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Working with a demanding manager

working with a demanding manager Thom Dennis discusses

An in-depth nationwide study conducted by ClickJobs.io revealed a surprising 42% of participants hold the belief that their workplace is toxic. Similarly, the Society of Human Resources Management found a comparable trend in the United States, with one out of every four working Americans expressing a sense of apprehension about going to work.

Poor leadership and demanding managers are often at the heart of a toxic organisation and can have a huge impact both on the individual worker’s experience and their self-esteem, as well as the productivity and culture of the business.  Thom Dennis, CEO of culture and leadership specialists, Serenity in Leadership discusses the issue in detail.

The consequences of a demanding manager

Many poor or demanding managers show a lack of interest in diversity and inclusion, which presents as prejudice, bias, harassment, microaggressions and bullying. They may also display a lack of consideration for boundaries by reaching out after work hours, requiring you to cancel planned vacations, or disrupting your breaks at work. Burnout due to overwhelming time and workload impositions is often associated with having an overly demanding manager. Feeling trapped in your current position or being overlooked for opportunities for personal growth and further training prospects are commonplace. Poor communication and a lack of clarity frequently indicate a challenging managerial style.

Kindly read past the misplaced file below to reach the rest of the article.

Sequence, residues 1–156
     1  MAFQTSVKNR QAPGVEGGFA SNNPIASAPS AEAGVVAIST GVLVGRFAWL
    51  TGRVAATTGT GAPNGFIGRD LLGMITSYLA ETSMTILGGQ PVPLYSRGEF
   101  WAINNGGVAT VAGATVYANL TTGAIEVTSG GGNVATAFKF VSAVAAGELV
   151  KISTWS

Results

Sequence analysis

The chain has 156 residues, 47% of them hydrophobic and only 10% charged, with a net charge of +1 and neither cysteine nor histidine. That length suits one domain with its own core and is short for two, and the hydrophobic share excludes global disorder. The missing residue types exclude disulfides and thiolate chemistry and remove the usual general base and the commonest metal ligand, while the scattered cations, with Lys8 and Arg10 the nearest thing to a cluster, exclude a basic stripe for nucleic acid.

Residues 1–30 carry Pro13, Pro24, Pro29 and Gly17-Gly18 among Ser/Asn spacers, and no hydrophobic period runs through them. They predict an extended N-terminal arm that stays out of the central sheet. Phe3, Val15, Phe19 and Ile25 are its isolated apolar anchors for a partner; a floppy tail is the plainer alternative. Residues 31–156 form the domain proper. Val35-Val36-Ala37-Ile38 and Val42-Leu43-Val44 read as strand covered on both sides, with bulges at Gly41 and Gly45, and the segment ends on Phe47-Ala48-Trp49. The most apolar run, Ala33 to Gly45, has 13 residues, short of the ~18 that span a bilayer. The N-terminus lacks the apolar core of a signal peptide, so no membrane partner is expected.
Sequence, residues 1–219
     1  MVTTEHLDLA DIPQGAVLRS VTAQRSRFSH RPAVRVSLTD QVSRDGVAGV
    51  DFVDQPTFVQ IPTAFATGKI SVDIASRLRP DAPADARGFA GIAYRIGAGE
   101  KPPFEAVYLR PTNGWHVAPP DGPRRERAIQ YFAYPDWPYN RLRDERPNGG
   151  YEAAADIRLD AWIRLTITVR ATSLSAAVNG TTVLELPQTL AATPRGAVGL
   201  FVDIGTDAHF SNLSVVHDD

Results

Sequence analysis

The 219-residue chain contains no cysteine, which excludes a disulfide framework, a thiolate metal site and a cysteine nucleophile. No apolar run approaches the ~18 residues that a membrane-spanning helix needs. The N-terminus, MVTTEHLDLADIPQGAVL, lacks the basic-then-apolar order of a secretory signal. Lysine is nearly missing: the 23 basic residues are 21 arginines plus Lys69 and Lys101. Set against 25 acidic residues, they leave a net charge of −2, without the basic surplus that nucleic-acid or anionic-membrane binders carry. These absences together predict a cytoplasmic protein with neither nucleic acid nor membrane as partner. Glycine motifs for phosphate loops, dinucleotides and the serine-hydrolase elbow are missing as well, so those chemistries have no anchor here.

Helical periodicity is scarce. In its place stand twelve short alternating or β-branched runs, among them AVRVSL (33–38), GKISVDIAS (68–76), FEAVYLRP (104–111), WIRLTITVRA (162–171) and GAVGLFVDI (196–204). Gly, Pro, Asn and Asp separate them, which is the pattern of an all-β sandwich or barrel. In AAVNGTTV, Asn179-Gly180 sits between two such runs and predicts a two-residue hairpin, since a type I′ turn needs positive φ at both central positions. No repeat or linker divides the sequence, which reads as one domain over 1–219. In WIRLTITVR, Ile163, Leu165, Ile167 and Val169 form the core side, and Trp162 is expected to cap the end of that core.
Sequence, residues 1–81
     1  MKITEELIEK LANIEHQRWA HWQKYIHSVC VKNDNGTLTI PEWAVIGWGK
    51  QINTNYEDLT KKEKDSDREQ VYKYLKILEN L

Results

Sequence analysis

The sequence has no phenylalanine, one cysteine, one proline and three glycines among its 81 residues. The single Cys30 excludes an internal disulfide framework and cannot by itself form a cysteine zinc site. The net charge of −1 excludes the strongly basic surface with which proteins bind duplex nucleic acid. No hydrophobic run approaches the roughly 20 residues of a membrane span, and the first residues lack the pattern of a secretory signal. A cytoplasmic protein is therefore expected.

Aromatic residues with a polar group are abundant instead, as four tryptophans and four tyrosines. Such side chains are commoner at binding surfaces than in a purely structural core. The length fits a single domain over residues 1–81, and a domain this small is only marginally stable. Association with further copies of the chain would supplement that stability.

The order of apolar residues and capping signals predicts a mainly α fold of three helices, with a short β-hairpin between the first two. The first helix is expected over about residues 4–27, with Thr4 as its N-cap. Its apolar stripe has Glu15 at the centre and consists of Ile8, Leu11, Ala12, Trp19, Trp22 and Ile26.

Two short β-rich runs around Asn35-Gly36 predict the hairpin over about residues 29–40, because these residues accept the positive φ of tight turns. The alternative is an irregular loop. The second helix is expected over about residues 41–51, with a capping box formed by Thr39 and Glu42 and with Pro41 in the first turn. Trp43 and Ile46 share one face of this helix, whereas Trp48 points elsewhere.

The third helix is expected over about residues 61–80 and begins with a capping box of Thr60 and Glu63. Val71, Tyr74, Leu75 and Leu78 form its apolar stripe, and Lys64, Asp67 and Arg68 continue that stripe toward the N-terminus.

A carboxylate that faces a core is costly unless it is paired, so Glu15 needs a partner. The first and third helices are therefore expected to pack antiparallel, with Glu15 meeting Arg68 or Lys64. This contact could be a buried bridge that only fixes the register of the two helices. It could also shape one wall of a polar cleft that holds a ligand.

What to do about it

Dealing with an excessively exigent manager can be tricky, but there are several steps you can take to manage the situation and maintain your well-being whilst being professional.

Reflect if the demands are truly excessive or if there might be miscommunication or misunderstandings or unclear expectations that can be resolved. Do the stated priorities make sense? Confirm with your manager the agreed boundaries for your work hours, availability, and workload. Equally, clarify your tasks and their prioritisation and agree on roughly how long it will take to complete.  Keep track of your tasks, projects, and accomplishments and share them with your manager. Know that it is reasonable to say no if you are already at maximum capacity. Present your case with evidence of your current workload and responsibilities. Have an open, calm and professional conversation with your manager about your workload and the challenges you’re facing and offer up some proactive solutions.

Ensure you have a healthy work-life balance to relax, recharge and get a different perspective on things. If the situation becomes overwhelming, seek advice, guidance and support from colleagues, and mentors, or if needed officially, escalate the issue to higher management or HR, following the proper channels.

Thom Dennis also writes about how to achieve employee visibility.